stifled the individual's creativity
nor recognition of greatness as
shown by Sweden's yearly presen-
tation of the Nobel prizes.
Perhaps part of the confusion
surrounding Sweden's political,.
economic and social structure
should be cleared up and a few
falacious statements discarded in
the process.

:....... ' ; ' ,,.,-: r44Y.'..... ......:::$Y.r'4 ~..:r:":hv.{

_____ ..

The Daily Official Bulletin is an
official publication of The Univer-
sity of Michigan for which The
Michigan Daily assumes no editorial
responsibility. Notices should be
sent in TYPEWRITTEN form to
Room 3564 Administration Building
before 2 p.m., two days preceding
General Notices
Preliminary Examinations in English:
Applicants for the Ph.D. in English
who expect to take the preliminary
examinations this summer are re-
quested to leave their names with Dr.
Ogden, 1609 Haven Hall. The examina-
tions will be given as follows: English
Literature, 1550-1660, Tues., Nov. 14,
1:30 to 4:30 p.m.; English and Ameri-
can Literature, 1660-1790, Sat., Nov. 18,
9 a.m. to 12 m.; 1790-1870, Tues., Nov.
21, 1:30 to 4:30 p.m.; and 1870-1950, Sat.,
Nov. 25, 9 a.m. to 12 m. The Tuesday
evaminations will be given in Room
171, Business Admin. Bldg; the Satur-
day examinations will be given in Room
1412, Mason Hall.
Freshmen Nursing: Students will
make out election cards before second
semester courses in Room M4118, SNB,
on the following dates: Thurs., Nov. 2,
8.12 a.m., 1-3 p.m.; Fri., Nov. 3, 8-12
a.m.,_ 1-5 p.m.
University Impounding Program:
1) Bicycles parked illegally on side-
walks, on lawns, under canopies, or
blocking building exits will be im-
2) Bicycles on University property
which do not bear a current (1962)
Ann Arbor License will be impounded.
3) Bicycles stored (left over 48 hours)
in classroom areas will ;be impounded.
During vacations be sure your bi-
cycle is stored at your own Ann Arbor
Impounded bicycles will be stored' in
the University Storage Building (No.
97 on the Central Campus map) lo-

cated on East Washington St. between
Fletcher and Forest Aves. Bicycles will
be released at specified times upon
presentation of your Bicycle Registra-
tion Card and payment of the $3.00
service fee. Owners of properly licensed
bicycles are notified soon after they,
are impounded and must reclaim them
within thirty days. A storage charge of
ten. cents (10c) per day will be charged
for the next sixty days, after the total
of ninety days, the bicycles will be
sold at public auction. For further
information, contact Office of the Vice-
President for Student Affairs, 1524 Ad-
min. Bldg. (663-1511 Ext. 3146).
Foreign Visitors
Following are the foreign visitors who
will be on the campus this week on
the dates indicated.
Program arrangements are being made
by the International Center: Mrs. Clif-
ford R. Miller.1
Dr. Adriano Vilanova, Dean, School.
of Dentistry, University of El Salvador,
San Salvador, El Salvador, Oct. 27-
Nov. 5.
Shozo Shinohara,, Asst. Professor;
member of the Students' Affairs Comm.
of Hokkaido University, Shapporo, Ja-
pan, Oct. 28-Nov. 5.
Yuzaburo Kuramoto. Asst. Dean of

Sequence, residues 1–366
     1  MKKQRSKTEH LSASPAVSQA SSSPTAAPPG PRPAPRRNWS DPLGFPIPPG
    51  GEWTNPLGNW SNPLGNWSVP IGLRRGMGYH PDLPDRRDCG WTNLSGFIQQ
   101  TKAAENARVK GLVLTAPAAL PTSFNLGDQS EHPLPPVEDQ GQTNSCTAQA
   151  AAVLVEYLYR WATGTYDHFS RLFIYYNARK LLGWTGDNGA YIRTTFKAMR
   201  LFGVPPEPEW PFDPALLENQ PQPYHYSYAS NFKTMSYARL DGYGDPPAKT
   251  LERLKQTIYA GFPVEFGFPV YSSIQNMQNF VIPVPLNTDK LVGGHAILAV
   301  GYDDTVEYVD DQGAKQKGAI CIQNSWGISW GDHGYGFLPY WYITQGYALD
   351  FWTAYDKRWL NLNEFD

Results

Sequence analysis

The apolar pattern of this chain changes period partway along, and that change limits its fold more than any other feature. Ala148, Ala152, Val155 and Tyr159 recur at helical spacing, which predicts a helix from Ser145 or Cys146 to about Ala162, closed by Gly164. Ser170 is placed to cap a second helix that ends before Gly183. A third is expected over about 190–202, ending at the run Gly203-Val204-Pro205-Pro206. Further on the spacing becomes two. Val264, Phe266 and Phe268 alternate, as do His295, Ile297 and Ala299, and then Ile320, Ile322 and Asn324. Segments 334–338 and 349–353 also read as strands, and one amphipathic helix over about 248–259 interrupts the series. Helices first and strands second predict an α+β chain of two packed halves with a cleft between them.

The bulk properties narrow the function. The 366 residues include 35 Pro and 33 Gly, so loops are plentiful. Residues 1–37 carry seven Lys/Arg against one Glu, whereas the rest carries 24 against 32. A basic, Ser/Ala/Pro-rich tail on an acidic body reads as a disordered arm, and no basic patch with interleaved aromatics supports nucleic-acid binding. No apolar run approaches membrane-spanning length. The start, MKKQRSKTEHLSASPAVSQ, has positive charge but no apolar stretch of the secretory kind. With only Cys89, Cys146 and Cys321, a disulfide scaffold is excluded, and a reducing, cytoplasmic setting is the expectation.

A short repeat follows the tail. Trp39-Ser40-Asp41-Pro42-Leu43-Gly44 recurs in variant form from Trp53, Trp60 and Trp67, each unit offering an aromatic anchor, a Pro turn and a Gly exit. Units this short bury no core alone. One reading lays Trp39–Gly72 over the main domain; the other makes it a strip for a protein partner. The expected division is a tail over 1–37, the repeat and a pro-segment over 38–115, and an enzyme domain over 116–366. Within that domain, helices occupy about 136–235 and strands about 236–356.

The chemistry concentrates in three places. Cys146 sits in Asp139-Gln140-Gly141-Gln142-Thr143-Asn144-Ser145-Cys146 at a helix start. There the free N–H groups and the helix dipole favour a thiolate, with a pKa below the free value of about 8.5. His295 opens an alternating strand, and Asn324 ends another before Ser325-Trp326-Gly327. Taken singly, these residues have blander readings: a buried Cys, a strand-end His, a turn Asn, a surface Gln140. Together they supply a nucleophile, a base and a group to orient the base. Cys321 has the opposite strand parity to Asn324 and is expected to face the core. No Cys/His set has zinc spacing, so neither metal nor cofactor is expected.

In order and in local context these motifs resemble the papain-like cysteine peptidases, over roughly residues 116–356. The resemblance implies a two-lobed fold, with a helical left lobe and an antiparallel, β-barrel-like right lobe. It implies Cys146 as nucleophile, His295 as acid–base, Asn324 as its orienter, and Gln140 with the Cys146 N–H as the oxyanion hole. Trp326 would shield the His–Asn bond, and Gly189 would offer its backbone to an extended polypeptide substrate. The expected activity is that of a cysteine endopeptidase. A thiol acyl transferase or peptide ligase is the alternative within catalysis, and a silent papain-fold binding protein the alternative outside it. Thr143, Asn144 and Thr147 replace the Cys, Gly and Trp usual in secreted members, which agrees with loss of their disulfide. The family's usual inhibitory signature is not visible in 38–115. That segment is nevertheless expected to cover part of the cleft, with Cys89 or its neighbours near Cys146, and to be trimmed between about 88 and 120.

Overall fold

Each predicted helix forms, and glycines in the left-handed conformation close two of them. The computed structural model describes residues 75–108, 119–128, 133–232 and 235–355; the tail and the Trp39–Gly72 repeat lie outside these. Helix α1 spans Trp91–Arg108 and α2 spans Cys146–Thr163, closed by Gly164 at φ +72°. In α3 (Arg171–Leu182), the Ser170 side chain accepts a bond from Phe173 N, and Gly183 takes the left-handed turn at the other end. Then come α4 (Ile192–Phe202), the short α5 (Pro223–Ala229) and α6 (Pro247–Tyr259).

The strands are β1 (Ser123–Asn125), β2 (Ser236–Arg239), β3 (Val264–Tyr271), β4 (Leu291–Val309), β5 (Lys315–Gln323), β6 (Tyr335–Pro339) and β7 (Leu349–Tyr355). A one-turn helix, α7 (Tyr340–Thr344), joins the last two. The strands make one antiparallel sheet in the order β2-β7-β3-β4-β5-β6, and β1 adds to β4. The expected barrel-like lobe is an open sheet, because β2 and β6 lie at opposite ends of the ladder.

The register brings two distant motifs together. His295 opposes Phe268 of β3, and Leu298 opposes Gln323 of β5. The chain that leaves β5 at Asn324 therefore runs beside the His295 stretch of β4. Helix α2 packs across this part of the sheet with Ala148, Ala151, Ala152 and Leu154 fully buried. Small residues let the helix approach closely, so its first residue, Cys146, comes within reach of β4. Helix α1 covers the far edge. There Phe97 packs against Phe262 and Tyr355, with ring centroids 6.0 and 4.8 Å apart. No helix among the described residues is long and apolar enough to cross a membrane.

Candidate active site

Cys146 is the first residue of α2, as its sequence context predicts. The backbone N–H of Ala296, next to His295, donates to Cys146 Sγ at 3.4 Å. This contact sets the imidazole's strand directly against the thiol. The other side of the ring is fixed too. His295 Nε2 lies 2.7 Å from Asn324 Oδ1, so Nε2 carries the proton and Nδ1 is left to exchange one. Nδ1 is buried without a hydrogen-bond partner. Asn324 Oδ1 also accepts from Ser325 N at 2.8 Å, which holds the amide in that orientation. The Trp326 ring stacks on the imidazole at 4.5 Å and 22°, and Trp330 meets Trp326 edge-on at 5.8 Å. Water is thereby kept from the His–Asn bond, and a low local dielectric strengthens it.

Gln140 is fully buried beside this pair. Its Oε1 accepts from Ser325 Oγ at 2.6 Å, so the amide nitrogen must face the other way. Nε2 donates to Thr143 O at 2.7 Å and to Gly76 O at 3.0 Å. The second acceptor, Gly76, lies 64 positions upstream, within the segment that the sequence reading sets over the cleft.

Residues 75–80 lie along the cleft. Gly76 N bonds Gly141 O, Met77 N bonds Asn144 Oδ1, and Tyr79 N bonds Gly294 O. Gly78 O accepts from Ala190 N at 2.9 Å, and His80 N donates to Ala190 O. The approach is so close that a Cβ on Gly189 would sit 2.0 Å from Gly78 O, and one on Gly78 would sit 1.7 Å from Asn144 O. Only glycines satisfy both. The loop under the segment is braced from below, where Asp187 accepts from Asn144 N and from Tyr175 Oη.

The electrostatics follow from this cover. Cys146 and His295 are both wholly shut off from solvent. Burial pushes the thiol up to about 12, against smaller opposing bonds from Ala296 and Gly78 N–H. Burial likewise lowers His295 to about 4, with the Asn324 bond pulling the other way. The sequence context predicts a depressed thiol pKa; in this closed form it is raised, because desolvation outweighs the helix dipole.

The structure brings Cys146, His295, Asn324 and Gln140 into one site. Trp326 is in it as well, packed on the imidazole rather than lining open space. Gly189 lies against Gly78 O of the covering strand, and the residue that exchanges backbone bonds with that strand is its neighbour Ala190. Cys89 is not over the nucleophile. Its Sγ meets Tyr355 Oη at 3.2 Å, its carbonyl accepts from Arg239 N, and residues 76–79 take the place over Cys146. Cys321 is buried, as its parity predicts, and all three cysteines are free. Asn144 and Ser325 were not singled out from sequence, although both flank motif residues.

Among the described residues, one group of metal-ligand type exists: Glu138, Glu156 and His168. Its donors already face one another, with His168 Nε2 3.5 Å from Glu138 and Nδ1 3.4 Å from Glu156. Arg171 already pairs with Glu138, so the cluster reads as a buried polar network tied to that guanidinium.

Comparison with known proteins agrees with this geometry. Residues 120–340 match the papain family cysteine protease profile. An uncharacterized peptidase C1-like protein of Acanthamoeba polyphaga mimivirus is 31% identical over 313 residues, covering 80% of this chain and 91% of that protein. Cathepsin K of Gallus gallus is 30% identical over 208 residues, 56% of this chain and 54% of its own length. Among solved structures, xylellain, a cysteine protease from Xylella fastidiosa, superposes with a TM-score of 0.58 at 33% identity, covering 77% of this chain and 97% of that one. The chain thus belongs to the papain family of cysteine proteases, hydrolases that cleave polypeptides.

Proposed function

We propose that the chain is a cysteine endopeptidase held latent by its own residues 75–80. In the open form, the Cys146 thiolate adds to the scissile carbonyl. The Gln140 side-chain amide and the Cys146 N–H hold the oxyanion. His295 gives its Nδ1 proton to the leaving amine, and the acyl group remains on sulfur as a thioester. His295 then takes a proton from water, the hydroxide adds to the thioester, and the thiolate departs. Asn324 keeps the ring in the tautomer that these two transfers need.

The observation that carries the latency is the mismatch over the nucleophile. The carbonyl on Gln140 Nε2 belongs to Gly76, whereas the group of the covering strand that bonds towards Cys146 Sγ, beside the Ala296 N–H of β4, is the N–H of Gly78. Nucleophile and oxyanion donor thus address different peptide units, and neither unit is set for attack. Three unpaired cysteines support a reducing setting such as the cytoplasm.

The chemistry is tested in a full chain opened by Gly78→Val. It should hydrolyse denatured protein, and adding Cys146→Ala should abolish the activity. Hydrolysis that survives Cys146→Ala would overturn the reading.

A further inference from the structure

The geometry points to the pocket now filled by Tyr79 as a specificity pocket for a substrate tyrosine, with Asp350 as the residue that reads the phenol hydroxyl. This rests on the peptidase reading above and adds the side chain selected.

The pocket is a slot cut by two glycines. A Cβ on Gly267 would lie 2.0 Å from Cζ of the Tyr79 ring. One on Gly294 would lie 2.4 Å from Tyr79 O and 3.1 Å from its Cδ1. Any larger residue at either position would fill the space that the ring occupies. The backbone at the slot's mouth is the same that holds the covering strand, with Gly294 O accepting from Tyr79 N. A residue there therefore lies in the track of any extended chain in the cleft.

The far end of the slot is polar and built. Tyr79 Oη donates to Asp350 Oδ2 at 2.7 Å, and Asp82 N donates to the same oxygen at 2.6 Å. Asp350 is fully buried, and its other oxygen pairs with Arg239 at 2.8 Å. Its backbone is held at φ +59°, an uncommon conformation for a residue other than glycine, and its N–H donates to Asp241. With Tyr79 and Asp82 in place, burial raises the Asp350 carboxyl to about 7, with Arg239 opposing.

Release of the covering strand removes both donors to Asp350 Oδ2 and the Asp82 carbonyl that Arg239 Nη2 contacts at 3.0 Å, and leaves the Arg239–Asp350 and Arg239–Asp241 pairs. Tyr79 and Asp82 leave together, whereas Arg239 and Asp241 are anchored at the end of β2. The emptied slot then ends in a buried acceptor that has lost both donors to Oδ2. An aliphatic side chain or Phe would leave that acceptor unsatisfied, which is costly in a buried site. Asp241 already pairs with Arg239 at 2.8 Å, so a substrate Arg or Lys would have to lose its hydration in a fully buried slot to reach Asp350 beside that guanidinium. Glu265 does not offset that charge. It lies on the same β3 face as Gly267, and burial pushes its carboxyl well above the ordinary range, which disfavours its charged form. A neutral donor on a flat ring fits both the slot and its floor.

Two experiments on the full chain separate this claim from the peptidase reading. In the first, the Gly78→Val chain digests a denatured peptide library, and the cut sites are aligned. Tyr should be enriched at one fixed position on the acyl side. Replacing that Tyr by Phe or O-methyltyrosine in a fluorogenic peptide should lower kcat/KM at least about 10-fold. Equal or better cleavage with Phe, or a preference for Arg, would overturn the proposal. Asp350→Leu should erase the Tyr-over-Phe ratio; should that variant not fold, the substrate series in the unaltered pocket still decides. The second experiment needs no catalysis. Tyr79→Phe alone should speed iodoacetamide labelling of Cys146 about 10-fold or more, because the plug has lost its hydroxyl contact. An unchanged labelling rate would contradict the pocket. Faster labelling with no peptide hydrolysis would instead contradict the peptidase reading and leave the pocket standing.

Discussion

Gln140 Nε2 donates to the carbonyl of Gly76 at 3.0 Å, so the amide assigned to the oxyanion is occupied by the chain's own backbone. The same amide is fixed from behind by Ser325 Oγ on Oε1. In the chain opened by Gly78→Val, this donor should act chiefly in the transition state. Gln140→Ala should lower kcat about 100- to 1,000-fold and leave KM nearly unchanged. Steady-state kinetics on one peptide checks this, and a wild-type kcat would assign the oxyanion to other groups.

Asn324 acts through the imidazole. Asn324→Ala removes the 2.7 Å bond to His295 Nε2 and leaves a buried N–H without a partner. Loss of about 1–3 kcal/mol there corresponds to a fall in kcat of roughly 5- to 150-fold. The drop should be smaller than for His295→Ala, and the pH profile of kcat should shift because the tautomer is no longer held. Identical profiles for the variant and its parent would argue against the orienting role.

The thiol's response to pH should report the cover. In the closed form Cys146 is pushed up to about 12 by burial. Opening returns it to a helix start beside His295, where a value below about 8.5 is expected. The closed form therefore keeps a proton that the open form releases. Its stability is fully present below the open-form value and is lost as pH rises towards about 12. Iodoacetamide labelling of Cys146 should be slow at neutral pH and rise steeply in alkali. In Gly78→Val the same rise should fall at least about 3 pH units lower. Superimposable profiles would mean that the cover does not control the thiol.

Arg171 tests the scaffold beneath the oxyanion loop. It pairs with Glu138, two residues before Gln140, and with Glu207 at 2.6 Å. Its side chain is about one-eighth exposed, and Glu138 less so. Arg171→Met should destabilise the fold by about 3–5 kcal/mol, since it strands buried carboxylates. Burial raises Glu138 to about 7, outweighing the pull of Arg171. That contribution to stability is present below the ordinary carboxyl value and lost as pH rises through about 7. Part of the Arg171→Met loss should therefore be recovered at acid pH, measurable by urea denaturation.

Students; Director of the Clark Memor-
ial Student Union, Hokkaido .Universi-
ty, ShapporoJapan, Oct.e28-Nov. 5.L,
Ahmad Aliabadi,. Professor' of Law,
Univ. of Teheran, Teheran, Iran, Oct.
29-Nov. 1.-
Moriji Sagara, Professor of Psycholo-
gy, Dept. of Letters, University of To-'
kyo, Tokyo, Japan. Oct. 30-Nov. 4.
Tamaddon Farzaneh, Dean of the
Faculty of Science, University of Shir-
az, Shiraz, Iran, Nov. 1-2.,
(Mrs.) Maria Rose de Perez (accom-
panied by her husband), Volunteer with
the Social Service Dept. of the LICEO
BAUZA; volunteer medical records
clerk; President of the PTA of Uru-
guayan-American School of Montevideo,
Montevideo, Uruguay, Nov. 1-11.
Cristeto Rivera, Industrial Safety En-
gineer, Health and Safety Division, Bu-

reau of Standards, Manila, Philippines,
Nov. 2.
Prajuab Rawiwattanawonge, Dept. of
Public Welfare, Gov't. of Thailand,
Secretary of the Coordination Comm.
for the Welfare of Opium Addicts,
Bangkok, Thailand, Nov. 3.
V. R. Narla, Member of Parliament;
Playwright. India, Nov. 6.
Events Wednesday
Lecture on Language Learning: Prof.
Waldo Sweet will speak on "Program-
med Learning for Foreign Languages"
on Wed., Nov. 1 at 8:00 p.m. in 3003
North University Bldg.
sociology Colloquium: "Patterns and
Problems in Social Mobility" will be
discussed by James Morgan, Dep't. of
Economics and Institute for Social Re-
search, on Wed., Nov. 1 at 4:15 p.m.
in the East Conference Room, Rackham
Automatic Programming and Numer-
ical Analysis Seminar: "Method of Giv-
ens for Calculating Eigenvalues and
Eigenvectors of Symmetric Matrices,"
by R. C. F. Bartels on Wed., Nov. 1 at
4:00 p.m. in 246 West Engineering.
Botanical Seminar: Dr. Ara G. Paul,
College of Pharmacy, will speak on "Er-
got and Ergot Alkaloids" on Wed., Nov.
1 at 4:15 p.m. in 1139 Natural Science
Bldg. Tea at 4:00 p.m.
Anatomy Seminar: Wed., Nov. 1, 4
p.m., 2501 East Medical Bldg. Dr.-A.
Barry will speak on the "Development
of the Hepatic Circulation in Human
Federal Service Entrance Exam (-FSEE)
Nov. 18--
Applications for the FSEE & Man-
agement. Internship Exams available
at Bureau of Appts., 3200 SAB, for all
upperclassmen wishingto take the
(Continued on Page 5)

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Editorial Staff


Editorial Director

11 OIfJIN * 5 M
LIKE 181mT~

AN FARRELL ............... Persoinel Director